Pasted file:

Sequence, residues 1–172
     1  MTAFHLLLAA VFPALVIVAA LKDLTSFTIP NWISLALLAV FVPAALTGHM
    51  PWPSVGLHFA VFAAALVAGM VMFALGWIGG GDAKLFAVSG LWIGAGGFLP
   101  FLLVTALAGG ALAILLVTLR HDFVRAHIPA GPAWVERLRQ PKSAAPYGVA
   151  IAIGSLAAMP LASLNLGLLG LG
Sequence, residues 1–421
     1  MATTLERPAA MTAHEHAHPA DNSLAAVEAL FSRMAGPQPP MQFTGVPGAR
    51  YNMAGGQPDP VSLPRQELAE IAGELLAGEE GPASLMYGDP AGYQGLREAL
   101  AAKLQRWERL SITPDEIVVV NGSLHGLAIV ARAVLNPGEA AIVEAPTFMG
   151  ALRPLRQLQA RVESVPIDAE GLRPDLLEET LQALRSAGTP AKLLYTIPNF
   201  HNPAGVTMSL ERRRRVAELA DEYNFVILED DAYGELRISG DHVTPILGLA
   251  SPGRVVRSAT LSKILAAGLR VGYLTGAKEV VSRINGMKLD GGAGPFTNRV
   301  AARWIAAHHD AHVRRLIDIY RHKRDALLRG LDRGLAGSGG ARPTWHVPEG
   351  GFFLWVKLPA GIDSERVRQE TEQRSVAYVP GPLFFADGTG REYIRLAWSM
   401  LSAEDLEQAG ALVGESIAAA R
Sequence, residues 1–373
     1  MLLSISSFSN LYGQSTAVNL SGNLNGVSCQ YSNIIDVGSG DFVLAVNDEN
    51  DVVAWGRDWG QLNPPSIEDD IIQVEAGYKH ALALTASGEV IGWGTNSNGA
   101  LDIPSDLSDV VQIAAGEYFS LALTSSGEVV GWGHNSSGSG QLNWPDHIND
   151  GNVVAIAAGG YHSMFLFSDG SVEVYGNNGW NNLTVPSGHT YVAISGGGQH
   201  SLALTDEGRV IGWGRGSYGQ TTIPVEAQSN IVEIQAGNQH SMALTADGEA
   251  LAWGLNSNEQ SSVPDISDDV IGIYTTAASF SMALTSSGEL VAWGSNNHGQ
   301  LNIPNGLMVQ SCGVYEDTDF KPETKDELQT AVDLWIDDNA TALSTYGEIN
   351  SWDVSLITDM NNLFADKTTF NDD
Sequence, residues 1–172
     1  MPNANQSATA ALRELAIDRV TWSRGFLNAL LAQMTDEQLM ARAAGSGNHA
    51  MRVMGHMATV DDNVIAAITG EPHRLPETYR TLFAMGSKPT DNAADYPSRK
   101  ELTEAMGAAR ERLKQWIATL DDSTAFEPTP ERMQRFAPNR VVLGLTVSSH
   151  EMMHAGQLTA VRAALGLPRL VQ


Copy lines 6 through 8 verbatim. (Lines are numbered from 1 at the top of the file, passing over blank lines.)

Sequence, residues 1–421
     1  MATTLERPAA MTAHEHAHPA DNSLAAVEAL FSRMAGPQPP MQFTGVPGAR
    51  YNMAGGQPDP VSLPRQELAE IAGELLAGEE GPASLMYGDP AGYQGLREAL